Message in a Bottle

'Sideways' & 'Closer'

The unanimous critical approval greeting Sideways has created some surprising Best Picture buzz—surprising, because Oscar rarely smiles on small movies with loser protagonists. But, if any director can break this unspoken rule, it might well be Alexander Payne, the poet laureate of American losers. Payne’s first three movies depicted the flailings of some of recent American cinema’s most pitiful protagonists. Citizen Ruth gave us an unwed pregnant woman arrested for inhaling patio sealant. Election chronicled the travails of a milquetoast high-school civics teacher traduced by a sexy and ambitious girl. And About Schmidt followed a widowed insurance salesman whose daughter marries into a family of dimwits.

One of the pleasures of About Schmidt was watching iconic rebel Jack Nicholson get put through the grinder of Payne’s nebbish machine. In Sideways, Payne doesn’t have to work nearly as hard, since his leading loser is played by Paul Giamatti, an actor who sends the Geeker Counter into seismic overload. Giamatti (last seen as the genius-schlemiel cartoonist in American Splendor) plays Miles, a would-be novelist living in San Diego. Miles has hit forty, with no publisher interested in his massive autobiographical opus; and as the fantasy of writing fame recedes, he’s left amid the ugly detritus of his real life: divorce, bills he can’t pay, a beat-up car and...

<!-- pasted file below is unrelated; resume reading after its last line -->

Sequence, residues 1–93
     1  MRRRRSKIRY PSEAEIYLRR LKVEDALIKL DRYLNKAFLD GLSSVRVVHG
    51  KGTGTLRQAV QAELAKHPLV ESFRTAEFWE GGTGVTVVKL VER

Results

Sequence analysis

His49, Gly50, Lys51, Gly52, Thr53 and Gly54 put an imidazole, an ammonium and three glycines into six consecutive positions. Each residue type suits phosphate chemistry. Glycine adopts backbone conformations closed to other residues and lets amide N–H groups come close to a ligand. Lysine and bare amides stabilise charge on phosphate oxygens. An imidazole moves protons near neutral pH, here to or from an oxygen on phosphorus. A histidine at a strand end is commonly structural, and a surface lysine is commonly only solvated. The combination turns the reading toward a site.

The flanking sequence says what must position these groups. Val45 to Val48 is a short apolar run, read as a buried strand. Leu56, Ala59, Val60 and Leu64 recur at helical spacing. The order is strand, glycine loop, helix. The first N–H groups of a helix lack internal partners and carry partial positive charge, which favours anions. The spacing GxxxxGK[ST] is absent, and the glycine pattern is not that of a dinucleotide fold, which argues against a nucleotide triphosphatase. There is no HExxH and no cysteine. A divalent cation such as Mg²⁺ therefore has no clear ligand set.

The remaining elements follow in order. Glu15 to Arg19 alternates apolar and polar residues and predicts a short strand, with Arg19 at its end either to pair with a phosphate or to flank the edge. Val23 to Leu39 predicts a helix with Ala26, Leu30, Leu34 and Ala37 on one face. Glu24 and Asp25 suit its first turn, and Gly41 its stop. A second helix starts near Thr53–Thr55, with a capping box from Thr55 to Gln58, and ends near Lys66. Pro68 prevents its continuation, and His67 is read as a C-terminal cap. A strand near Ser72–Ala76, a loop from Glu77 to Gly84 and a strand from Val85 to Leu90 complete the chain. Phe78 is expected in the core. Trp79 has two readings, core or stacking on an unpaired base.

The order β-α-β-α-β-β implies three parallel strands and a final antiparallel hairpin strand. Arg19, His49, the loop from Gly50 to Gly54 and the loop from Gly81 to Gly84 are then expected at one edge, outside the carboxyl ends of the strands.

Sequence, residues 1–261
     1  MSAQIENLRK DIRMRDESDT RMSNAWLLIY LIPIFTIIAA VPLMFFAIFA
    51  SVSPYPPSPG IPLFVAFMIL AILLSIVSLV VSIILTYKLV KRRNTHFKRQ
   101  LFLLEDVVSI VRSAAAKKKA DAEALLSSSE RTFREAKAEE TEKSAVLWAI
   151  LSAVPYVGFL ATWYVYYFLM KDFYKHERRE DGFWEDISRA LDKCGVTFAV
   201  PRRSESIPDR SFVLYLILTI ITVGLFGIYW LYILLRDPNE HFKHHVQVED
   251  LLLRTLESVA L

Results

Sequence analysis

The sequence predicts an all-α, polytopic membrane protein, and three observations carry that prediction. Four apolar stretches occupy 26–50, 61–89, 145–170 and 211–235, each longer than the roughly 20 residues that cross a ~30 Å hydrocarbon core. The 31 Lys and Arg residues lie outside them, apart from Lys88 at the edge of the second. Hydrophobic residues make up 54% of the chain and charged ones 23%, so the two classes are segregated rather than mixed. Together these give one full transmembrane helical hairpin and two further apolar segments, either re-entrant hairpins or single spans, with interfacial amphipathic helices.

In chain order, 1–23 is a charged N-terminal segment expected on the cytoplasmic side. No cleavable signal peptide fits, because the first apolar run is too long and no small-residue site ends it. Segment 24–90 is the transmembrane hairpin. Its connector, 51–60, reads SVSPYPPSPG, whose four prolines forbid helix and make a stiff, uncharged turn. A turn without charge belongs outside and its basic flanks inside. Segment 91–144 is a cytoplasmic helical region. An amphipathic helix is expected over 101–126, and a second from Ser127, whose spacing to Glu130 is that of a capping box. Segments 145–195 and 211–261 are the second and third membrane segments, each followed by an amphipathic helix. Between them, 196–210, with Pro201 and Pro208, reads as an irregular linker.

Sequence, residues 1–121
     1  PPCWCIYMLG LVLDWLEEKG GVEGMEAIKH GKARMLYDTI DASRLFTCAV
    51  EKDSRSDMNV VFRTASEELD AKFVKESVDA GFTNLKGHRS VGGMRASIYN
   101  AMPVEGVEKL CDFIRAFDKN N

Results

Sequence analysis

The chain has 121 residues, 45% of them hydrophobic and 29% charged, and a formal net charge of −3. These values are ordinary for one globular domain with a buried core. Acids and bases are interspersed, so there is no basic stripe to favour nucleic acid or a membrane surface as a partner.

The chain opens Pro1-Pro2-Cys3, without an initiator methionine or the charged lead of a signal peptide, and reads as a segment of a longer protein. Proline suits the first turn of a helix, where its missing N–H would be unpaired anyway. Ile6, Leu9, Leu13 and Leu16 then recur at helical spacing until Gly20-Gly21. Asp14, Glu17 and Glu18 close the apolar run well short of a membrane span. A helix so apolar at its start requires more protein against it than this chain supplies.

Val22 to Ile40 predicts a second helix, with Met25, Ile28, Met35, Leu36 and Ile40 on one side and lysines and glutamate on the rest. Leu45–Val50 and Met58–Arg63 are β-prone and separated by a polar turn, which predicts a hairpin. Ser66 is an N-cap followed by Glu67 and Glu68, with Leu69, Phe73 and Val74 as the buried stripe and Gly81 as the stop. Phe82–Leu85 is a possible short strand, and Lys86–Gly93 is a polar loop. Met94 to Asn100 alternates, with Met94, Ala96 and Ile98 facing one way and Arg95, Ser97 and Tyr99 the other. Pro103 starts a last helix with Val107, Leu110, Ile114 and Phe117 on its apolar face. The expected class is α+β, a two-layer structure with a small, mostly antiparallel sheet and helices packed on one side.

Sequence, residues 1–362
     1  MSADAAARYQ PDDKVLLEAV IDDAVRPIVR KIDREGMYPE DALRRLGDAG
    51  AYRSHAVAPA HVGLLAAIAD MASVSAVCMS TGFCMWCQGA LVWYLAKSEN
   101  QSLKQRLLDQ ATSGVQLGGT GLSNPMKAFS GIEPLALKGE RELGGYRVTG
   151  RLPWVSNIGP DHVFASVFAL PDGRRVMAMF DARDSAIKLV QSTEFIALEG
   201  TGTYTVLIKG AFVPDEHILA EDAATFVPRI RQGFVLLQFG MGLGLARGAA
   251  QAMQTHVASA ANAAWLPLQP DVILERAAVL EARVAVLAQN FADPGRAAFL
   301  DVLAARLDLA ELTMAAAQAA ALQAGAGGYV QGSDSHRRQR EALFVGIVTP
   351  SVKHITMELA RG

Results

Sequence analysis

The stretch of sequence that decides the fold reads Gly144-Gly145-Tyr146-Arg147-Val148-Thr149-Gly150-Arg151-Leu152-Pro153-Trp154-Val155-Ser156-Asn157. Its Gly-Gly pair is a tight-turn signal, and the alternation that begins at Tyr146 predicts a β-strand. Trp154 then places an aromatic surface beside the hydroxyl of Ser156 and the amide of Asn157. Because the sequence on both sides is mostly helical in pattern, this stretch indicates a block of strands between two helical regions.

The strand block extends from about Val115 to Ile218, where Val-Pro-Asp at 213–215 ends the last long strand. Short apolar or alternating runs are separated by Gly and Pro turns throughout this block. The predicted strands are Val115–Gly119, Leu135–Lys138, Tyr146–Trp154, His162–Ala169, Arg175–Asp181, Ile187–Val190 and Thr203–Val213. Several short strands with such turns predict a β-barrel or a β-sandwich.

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About the Author

Rand Richards Cooper is Commonweal's contributing editor.